Working Families: Jobs Data in NJ Still Missing from Tax Incentive Recipients 

Organizations representing consumers, communities, families, small businesses, immigrants, environmental advocacy, and workers from dozens of fields and industries sign letter urging the NJ legislature to pass a millionaire’s tax either as part of Governor Phil Murphy’s proposed 2020 state budget or separately as its own piece of legislation.

Jobs Data in NJ Still Missing from Tax Incentive Recipients 


As the New Jersey Economic Development Authority Board (EDA) met today, but there is still no update on jobs data for tax credit recipients in Camden and elsewhere. Specifically, we want definitive data on how many jobs have been created, and how many local residents have benefitted from these jobs. 


Over the last eight months, claims about job numbers in public statements by Norcross-connected elected officials and politically-connected nonprofit organizations have been alarmingly inconsistent. 


In January, Cooper’s Ferry Partnership hired a consulting firm to write a reportthat claims at least 1,900 jobs were created in Camden as a result of the EOA – with 5,000 on the way.  But there was no reference to the source of these numbers. No citation. Jobs- where? For whom? In what companies? 


In June, a familiar cast of NJ politicians weighted in on Camden’s jobs landscape. Senators Booker and Menendez joinedwith former Governor Christie, Congressman Norcross, and Senate President Sweeney, and others, to assert that the number of new jobs for Camden residents was 850 – a sharp departure from the January figures. And once again, the piece provided no explanation, no link to confirm this claim, no hard data. 


And, just last week, the Philadelphia Inquirer celebratedCooper’s Ferry for “developing information about how many jobs have been added in the city and how many of those jobs are held by city residents.” First it was 1,900 new jobs, then it was 850, and now Coopers Ferry is “developing information?” Why is there such inconsistency?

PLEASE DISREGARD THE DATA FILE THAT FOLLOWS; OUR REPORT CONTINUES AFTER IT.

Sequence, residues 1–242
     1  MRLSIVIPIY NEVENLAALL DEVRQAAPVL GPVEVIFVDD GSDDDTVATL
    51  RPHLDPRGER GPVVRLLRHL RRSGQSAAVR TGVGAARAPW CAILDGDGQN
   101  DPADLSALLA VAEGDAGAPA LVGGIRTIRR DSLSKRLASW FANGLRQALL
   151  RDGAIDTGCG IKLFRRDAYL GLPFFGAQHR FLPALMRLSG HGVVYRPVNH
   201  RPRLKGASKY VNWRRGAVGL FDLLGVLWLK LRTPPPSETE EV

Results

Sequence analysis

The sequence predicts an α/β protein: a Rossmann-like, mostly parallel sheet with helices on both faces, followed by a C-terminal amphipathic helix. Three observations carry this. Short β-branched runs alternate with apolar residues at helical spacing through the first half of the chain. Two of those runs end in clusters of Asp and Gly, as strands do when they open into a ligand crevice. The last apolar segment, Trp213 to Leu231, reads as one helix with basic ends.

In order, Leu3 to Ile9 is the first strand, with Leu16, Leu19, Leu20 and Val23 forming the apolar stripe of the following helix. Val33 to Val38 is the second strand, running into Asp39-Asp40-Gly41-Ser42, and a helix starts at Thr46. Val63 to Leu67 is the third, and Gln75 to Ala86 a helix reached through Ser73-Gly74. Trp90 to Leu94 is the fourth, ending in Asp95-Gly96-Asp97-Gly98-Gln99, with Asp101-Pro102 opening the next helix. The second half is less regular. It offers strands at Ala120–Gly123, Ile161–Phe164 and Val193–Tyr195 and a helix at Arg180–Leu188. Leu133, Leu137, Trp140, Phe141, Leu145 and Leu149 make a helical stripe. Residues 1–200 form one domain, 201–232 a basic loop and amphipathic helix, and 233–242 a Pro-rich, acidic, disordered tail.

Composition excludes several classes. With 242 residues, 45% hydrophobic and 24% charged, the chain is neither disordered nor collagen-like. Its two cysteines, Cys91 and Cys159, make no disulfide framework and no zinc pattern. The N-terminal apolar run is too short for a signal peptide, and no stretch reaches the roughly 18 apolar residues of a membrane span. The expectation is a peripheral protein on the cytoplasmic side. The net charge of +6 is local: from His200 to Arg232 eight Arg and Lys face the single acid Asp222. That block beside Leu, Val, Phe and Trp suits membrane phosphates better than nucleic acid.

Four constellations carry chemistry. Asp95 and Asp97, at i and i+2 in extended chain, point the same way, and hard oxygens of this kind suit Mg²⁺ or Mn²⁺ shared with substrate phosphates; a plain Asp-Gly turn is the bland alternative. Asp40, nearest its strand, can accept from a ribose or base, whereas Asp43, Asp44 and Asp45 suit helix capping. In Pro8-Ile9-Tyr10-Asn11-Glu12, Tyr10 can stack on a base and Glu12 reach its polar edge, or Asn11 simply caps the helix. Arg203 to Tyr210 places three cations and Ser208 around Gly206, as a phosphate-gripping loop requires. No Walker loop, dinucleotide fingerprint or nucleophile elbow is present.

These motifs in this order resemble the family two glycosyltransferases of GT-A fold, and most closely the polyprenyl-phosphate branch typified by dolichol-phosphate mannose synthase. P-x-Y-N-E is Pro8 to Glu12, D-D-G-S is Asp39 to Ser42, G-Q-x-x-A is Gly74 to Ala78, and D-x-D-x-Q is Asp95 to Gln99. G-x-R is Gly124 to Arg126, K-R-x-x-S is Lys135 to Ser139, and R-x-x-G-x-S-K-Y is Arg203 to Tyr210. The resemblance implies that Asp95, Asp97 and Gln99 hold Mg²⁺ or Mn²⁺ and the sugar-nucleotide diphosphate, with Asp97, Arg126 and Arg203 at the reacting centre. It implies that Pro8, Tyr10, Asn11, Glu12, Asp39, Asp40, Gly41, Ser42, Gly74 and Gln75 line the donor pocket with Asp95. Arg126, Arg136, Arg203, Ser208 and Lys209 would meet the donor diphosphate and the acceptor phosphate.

These discrepancies beg explanation. How did Econsult arrive at its figures?  What methodology did the politicians in June use? And what information is currently being “developed” by Coopers Ferry? Do they have access to information that the EDA does not?  


Without hard data, we cannot answer basic questions about the program’s efficacy. 


There is an opportunity now for transparency. The EDA, under Tim Sullivan’s direction, recently sent a job creation survey to companies that benefited from the EOA asking for hiring data. 


It is crucial companies that were awarded over a $1 billion in New Jersey tax incentives fully comply with this EDA survey, and they do it quickly, while also supplying supporting documentation that backs up their job claims. Otherwise, we are trusting the same companies that are under investigation for submitting fraudulent tax credit applications to be honest about jobs data. 


It is our demand that whatever jobs data is available- whether it be housed at Coopers Ferry, the Mayor’s office, or at corporate headquarters- be made public immediately. Only by fully studying the data can we measure progress and ensure that city residents are prioritized. 


And only then can we have an informed public conversation about reforming the Economic Opportunity Act, the legislation that enabled one of the most expensive boondoggles in NJ history. 

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